Peripheral artery disease (PAD), is the narrowing of the arteries located outside of the heart (the peripheral arteries). PAD typically occurs in the legs’ arteries, but can also impact those that transport blood from the heart to the arms, head, kidneys and stomach.
Plaque buildup causes this narrowing, something known as “atherosclerosis”. This buildup can worsen, leading to reduced blood flow to the legs and other lower body parts.
In this piece we are going to talk more about PAD and its risk factors:
What are the risk factors for PAD?
There are numerous risk factors associated with PAD, a disease that can be detected using a world class ABI doppler. There can be symptoms like leg pain, but often the disease does not carry any symptoms whatsoever, especially if you are diabetic.
There are numerous risk factors to look out for however, and if you are part of one or numerous of them then perhaps it is a good idea to get tested:
- You have surpassed the age of 50
- You are a smoker
- You are diabetic
- You have high blood pressure
- You experience high cholesterol levels
- You have a history of stroke, heart attack or vascular disease
You may only experience mild-to-no symptoms at all. However, if you experience one or more of the following symptoms, especially if you are over the age of 50, then it is a good idea to get tested for Peripheral artery disease :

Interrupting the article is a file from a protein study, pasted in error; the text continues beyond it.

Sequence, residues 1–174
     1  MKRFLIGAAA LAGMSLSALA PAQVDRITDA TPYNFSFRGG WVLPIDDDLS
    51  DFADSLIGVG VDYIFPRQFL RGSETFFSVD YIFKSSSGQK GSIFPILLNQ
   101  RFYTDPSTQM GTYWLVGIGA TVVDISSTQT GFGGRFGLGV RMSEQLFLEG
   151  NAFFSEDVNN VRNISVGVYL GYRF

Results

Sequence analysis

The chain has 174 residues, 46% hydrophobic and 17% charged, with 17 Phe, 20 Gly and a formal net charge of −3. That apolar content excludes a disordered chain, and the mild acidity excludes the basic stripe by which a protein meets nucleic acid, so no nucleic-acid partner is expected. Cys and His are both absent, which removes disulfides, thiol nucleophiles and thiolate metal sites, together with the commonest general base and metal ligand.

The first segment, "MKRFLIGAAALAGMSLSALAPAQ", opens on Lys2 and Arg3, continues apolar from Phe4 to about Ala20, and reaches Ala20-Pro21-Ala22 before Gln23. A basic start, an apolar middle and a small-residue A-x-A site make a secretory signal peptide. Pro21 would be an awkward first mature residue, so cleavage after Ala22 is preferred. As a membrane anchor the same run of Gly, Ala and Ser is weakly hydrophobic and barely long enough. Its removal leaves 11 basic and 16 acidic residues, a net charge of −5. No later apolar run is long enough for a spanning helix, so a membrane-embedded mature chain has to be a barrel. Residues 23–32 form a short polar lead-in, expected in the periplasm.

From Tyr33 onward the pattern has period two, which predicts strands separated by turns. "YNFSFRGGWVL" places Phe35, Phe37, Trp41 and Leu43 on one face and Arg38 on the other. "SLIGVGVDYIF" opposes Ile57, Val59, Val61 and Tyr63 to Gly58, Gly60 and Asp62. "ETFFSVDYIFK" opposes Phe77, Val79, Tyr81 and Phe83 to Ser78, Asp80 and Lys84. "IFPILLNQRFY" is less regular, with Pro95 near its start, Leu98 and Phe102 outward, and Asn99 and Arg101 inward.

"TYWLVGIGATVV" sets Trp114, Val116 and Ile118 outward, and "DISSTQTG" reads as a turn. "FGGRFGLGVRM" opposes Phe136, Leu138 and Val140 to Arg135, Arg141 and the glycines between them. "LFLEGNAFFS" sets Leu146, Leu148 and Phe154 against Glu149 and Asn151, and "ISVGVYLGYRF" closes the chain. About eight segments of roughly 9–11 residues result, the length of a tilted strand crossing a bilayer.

- You experience leg pain whilst you walk
- You have cramps or pains in your calves, legs, hips, arms or thighs
- Your legs get numb or weak
- You have coldness in your lower legs and feet
- Your feet, toes & legs have sores that won’t get better
- Your legs can look the colour blue
- Your legs have shiny skin
- You experience slow toenail & hair growth
- For men, you may experience erectile dysfunction.
Complications associated with PAD
PAD can cause numerous issues, so it is important to test for the disease as you may be at risk of a coronary or stroke. In particular cases, if you have diabetes or are a heavy smoker above 50, it can lead to blocked or heavily reduced blood flow that can then go on to cause critical limb ischemia. This is a condition that begins when blood flow is reduced so much that it can cause consistent pain, infections and sores that won’t heal. Unfortunately, it can even lead to gangrene, something which may require amputation.
How to prevent PAD
The best way to prevent PAD, especially as you age, is to reduce the risks you can control, including:
- Giving up the cigarettes
- For diabetics, working to control blood sugar
- Keeping a healthy weight
- Regular exercise
- A healthy diet with low amounts of saturated fat
Treatment options for PAD depend on the severity of the disease, symptoms, lifestyle, risk factors and your personal medical history. The first – and best – method for controlling PAD is to work to prevent it in the first place. Sometimes, a healthy lifestyle and medicine can help with high blood pressure levels and high cholesterol, with certain medications helping reduce your symptoms as you go about your day.
In particular PAD cases, you may require the following invasive procedures in order to increase blood flow to the affected area:
- Bypass surgery
Anyone who thinks they may be experiencing PAD or at risk of the disease should contact their doctor immediately.
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